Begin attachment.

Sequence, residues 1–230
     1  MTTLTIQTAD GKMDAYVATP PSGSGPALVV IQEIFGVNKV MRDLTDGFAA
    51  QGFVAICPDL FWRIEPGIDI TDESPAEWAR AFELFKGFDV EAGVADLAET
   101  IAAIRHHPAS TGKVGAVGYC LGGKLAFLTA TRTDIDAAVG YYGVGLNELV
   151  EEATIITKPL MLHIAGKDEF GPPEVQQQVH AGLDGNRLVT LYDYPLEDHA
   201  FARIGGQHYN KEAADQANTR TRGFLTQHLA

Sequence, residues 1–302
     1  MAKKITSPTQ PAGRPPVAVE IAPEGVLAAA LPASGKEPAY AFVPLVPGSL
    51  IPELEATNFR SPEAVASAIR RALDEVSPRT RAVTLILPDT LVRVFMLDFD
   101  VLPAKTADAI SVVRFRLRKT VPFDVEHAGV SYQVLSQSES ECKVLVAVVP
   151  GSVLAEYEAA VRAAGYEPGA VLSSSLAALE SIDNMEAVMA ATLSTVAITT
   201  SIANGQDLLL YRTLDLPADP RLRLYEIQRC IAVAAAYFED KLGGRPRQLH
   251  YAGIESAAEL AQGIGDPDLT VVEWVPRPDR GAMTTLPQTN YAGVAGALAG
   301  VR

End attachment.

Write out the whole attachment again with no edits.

Sequence, residues 1–230
     1  MTTLTIQTAD GKMDAYVATP PSGSGPALVV IQEIFGVNKV MRDLTDGFAA
    51  QGFVAICPDL FWRIEPGIDI TDESPAEWAR AFELFKGFDV EAGVADLAET
   101  IAAIRHHPAS TGKVGAVGYC LGGKLAFLTA TRTDIDAAVG YYGVGLNELV
   151  EEATIITKPL MLHIAGKDEF GPPEVQQQVH AGLDGNRLVT LYDYPLEDHA
   201  FARIGGQHYN KEAADQANTR TRGFLTQHLA

Sequence, residues 1–302
     1  MAKKITSPTQ PAGRPPVAVE IAPEGVLAAA LPASGKEPAY AFVPLVPGSL
    51  IPELEATNFR SPEAVASAIR RALDEVSPRT RAVTLILPDT LVRVFMLDFD
   101  VLPAKTADAI SVVRFRLRKT VPFDVEHAGV SYQVLSQSES ECKVLVAVVP
   151  GSVLAEYEAA VRAAGYEPGA VLSSSLAALE SIDNMEAVMA ATLSTVAITT
   201  SIANGQDLLL YRTLDLPADP RLRLYEIQRC IAVAAAYFED KLGGRPRQLH
   251  YAGIESAAEL AQGIGDPDLT VVEWVPRPDR GAMTTLPQTN YAGVAGALAG
   301  VR